Buffett, son of billionaire investor Warren Buffett, is an Emmy
Award-winning composer, NY Times best-selling author and noted
philanthropist. Currently, he is releasing socially-conscious music and
touring his "Concert & Conversation" series in support of his book Life Is What You Make It.
This is a song about finding common ground. And the idea that if we start from the inside out, and from our very earliest memories of how we thought the world was put together, we’d probably find such a similarity in feelings that we’d be surprised and saddened at how divisive we’ve become:
I was scrolling through my Facebook news feed and found someone posting about Republican vice-presidential candidate Paul Ryan’s speech at the Republican National Convention. Actually, there were a lot of posts about it. But this one was in support of his ideology (I try to have a few contrary “friends” just to keep tabs on all this divisive story telling I seem to write so much about).
I followed the link to a conservative website and was stunned as I read the comments. I’m not saying that this is a conservative only trait, but the vitriol that was leveled at the single commenter that had a dissenting opinion was stunning. At this point I realize I’m probably sounding Pollyannaish to many. I suppose some people may accuse me of that on a weekly basis. But I was truly amazed at the intensity of the attacks.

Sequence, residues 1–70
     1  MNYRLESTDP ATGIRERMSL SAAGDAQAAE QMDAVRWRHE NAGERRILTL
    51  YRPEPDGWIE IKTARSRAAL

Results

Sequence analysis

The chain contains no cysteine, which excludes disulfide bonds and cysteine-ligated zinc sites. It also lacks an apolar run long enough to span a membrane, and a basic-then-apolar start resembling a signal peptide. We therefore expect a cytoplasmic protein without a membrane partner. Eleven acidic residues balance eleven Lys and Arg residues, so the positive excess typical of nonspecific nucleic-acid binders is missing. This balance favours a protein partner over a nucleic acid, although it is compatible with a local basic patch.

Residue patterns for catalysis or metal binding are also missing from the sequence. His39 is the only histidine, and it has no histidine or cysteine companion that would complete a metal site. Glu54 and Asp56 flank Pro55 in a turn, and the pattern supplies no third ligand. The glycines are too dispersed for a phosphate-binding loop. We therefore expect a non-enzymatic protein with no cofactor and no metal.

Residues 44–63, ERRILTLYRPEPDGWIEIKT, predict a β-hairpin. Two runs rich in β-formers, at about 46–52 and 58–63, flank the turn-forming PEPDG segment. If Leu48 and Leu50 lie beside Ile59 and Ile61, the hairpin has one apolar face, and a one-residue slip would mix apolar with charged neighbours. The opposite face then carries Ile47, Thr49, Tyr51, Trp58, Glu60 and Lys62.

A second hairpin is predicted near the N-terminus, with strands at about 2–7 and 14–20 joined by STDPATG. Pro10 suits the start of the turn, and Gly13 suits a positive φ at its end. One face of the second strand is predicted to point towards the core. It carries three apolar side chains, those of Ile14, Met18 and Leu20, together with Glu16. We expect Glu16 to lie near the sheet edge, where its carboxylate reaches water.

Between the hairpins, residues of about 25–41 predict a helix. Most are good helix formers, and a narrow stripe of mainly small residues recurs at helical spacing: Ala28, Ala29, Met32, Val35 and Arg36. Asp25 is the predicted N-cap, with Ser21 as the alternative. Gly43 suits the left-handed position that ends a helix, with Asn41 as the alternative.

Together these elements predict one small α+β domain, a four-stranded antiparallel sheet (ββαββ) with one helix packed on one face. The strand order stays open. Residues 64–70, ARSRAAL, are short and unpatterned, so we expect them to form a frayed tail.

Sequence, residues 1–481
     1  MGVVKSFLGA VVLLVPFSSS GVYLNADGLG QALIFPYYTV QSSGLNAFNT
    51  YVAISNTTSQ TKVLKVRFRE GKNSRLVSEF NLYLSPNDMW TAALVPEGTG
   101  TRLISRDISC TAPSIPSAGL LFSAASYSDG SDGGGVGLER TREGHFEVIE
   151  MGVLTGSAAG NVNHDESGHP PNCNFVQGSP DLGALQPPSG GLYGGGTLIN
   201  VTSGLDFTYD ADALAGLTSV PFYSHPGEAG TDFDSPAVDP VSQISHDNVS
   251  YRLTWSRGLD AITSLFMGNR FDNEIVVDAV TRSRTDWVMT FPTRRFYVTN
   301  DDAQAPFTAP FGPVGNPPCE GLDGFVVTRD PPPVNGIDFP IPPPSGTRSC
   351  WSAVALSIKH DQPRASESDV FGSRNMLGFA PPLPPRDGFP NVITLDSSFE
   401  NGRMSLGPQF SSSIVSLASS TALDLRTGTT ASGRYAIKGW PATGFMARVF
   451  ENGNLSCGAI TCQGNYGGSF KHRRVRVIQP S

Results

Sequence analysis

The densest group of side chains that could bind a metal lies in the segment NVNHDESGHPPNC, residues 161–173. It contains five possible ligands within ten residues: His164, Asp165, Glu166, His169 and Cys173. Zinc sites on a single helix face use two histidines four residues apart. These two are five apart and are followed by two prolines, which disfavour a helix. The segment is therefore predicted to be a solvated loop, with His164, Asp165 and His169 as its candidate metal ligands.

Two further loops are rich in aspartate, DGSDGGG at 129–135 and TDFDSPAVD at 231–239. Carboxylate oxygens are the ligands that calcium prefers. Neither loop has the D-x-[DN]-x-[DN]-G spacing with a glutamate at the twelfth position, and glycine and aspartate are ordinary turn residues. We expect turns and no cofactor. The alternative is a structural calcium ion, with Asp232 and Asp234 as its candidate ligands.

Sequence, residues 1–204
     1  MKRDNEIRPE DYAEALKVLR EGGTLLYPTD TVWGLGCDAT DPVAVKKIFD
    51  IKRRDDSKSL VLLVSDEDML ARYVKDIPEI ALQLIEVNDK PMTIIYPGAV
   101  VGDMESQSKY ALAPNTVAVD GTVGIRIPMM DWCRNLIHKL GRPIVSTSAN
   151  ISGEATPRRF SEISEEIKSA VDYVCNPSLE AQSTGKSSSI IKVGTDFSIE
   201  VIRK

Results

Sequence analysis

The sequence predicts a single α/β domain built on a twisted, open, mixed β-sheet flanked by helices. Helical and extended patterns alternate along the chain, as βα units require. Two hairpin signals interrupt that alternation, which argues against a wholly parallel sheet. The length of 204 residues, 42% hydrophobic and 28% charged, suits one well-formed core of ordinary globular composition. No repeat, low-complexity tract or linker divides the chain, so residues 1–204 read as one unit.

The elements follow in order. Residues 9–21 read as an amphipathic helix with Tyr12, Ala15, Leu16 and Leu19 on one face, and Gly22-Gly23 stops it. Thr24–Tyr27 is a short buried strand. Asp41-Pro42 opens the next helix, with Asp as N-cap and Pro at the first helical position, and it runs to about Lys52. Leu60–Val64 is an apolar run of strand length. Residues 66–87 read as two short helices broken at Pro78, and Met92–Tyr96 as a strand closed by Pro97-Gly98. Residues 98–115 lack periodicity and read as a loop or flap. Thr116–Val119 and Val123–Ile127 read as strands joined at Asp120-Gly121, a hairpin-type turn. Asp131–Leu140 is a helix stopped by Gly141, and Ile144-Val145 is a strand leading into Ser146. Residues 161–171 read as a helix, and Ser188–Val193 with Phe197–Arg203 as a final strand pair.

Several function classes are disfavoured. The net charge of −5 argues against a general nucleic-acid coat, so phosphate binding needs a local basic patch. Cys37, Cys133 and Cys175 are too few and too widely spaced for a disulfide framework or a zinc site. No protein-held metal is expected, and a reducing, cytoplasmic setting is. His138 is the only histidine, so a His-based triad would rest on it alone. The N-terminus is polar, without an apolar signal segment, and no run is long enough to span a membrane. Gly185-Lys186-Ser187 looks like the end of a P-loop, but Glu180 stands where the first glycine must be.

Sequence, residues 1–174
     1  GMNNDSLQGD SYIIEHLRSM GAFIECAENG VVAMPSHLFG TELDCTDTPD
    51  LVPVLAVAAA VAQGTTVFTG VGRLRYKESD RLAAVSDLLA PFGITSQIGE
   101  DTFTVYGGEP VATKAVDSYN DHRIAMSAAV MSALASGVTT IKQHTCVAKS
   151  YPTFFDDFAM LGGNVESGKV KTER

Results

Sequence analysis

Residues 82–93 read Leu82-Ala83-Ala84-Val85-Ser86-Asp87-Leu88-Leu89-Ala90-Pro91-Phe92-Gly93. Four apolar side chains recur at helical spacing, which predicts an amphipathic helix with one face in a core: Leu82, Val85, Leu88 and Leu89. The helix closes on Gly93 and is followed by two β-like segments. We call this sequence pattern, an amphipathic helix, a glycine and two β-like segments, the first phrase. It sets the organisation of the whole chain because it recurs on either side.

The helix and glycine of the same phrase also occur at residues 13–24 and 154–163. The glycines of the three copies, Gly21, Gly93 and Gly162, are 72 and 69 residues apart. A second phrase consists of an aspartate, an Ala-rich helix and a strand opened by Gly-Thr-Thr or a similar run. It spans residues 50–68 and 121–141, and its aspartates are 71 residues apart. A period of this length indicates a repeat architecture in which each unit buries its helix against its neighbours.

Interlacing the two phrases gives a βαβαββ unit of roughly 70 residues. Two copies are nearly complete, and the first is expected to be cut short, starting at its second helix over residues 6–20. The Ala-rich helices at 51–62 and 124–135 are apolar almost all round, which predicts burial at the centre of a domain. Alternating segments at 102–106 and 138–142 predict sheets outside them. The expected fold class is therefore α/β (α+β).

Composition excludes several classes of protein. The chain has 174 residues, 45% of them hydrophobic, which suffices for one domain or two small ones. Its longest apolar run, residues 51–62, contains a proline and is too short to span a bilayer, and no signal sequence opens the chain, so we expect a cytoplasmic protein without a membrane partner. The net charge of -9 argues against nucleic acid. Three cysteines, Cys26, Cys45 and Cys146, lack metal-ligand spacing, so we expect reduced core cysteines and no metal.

As we head into the most heated months of the election cycle, I start to question whether there’s any interest at all in a search for common ground. Or any curiosity about what motivates the “other side” in its quest for power. And at the same time, I wonder if, when elected, there would be huge differences between the abilities of one president to get things done over another. If “landmark” legislation were passed how long would it be before it was dismantled?
I will keep writing, singing, saying; it’s about opening our hearts to what we’ve always known, what we were born knowing.
As this month’s song says at the outset:
Nobody can save your
And you can’t buy a life with gold
So take another look at what you hold.
Now I’m going to direct this specifically at the ultra wealthy (and you may find that humorous). Why on earth are people holding onto billions of dollars, or multiple mega-mansions, or any number of massive purchases that sit idle?
Is there enough for everyone if everyone only holds onto just enough? So, what is enough?
What do you think? Share your story at changeourstory.com. Visit www.peterbuffett.com to learn more and Change Our Story to join the conversation on how we all can become active participants in shaping our future.